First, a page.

What exactly is “proper cause?”
- April 30th, 2014
- John S. Chambers
- 1 Comment
The NYS handgun licensing statute requires that an individual establish “proper cause” for the issuance of a concealed carry handgun license. (Penal Law § 400.00[f]).
Many clients ask: “What precisely is the definition of ‘proper cause?’”
Firstly, a blog about “proper cause” must necessarily start by informing or reminding the reader that the NYPD does not issue ‘personal’ carry licenses. Instead, the issuance of a carry license in New York City is based upon a business need. The only exception to this is if you are a celebrity, or an otherwise high profile individual. In those cases, your “proper cause” is based upon your status as a such. In these cases, one need not show cash deposits, or the transportation of valuable merchandise, or even documented threats.
For the “common man,” the definition of “proper cause” is somewhat elusive. Generally speaking, “proper cause” boils down to your combined and unique business activities which give rise to you being more vulnerable to the criminal element than other business owners who do business within the City of New York without the benefit of a license to carry a concealed handgun.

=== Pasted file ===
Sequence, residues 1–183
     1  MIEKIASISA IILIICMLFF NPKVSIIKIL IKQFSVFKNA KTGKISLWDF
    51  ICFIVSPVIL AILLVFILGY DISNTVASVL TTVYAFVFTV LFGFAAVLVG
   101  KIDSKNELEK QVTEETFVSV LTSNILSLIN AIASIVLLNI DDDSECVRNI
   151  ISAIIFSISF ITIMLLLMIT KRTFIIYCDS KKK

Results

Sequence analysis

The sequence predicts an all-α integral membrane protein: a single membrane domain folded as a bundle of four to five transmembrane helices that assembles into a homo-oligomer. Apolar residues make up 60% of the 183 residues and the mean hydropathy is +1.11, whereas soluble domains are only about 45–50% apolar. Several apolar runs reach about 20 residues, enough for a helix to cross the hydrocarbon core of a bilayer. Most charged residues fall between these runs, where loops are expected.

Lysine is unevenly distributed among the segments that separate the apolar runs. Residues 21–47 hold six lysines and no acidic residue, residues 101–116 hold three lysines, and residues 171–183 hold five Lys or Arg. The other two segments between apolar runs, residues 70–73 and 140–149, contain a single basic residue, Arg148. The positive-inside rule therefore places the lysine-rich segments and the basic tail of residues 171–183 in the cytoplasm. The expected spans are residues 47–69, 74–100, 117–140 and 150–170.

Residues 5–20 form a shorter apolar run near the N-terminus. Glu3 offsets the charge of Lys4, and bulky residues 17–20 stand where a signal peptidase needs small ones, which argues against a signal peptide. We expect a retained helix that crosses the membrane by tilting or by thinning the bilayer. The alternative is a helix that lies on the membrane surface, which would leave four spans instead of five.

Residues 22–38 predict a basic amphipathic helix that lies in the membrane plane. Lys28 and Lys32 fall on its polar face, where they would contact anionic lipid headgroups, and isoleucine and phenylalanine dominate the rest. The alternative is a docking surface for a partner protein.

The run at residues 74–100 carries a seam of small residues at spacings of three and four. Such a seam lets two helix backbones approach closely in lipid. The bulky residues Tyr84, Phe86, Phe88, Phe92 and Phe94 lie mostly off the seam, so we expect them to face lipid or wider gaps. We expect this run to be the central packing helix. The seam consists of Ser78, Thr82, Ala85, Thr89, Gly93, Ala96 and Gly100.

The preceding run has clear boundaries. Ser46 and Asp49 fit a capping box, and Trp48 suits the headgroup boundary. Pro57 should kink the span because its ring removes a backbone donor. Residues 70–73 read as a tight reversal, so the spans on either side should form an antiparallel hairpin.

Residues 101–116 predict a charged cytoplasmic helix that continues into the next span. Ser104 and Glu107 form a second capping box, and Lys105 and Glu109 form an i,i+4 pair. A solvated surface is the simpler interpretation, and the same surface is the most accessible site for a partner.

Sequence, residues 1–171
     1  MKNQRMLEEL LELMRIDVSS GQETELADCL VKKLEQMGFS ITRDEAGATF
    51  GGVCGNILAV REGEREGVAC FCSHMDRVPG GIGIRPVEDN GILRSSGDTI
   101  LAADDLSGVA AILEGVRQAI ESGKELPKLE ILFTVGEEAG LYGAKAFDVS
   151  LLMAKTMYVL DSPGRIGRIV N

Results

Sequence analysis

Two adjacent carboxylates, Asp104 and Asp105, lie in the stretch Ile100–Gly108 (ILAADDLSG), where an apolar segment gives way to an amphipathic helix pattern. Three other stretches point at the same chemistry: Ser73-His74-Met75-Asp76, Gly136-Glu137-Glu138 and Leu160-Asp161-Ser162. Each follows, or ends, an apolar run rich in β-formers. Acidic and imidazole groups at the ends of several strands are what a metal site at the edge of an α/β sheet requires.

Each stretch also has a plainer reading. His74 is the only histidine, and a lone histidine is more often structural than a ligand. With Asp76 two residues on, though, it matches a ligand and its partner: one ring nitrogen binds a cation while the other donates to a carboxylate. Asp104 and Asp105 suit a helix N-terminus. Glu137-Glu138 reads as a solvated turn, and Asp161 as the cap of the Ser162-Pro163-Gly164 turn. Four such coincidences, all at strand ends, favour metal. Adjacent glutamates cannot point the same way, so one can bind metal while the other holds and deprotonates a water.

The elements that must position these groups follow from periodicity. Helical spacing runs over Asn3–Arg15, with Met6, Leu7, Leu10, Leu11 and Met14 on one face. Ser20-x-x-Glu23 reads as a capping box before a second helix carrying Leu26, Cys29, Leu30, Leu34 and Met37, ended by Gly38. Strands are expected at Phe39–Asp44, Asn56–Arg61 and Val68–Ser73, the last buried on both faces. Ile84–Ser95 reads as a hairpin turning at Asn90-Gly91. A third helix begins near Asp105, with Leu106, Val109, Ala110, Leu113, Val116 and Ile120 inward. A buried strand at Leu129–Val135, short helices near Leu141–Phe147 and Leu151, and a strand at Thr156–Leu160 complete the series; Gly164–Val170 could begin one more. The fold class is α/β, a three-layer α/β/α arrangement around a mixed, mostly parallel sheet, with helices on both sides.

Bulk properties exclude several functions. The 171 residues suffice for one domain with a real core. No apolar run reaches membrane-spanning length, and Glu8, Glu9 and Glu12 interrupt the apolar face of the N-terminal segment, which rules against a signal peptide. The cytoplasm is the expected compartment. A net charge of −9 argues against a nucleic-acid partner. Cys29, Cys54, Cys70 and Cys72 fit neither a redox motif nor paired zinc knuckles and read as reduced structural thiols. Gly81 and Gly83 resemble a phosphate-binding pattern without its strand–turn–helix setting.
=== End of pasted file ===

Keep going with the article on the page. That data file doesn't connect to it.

We are often asked: “Is there a certain amount one has to deposit to establish ‘proper cause’ and qualify for a concealed carry license?”
The answer is: No.
Cash is a factor to be considered, but it is only one factor. There are many.
The Chambers Law Firm has represented clients who are not celebrities and who carry little or no cash in connection with their business duties to a successful conclusion in a concealed carry application matter within the agency. Businessmen, for example, who can prove they are exposed to extraordinary risk due to the fact that their business requires that they be out and around NYC at all hours of the day and night, may be able to establish “proper cause” for the issuance of a concealed carry license.
In NYC, the process of procuring a concealed carry handgun license, for most, is a long, arduous journey which requires patience, and documentation.
We’ve represented clients such as: plumbers, contractors, real estate managers, electricians, pavers, and other business men who have never deposited “substantial” cash sums in connection with carry applications to the NYPD.
These kinds of matters always present a very interesting challenge to the law firm because these is little guidance, and nothing is “black and white.”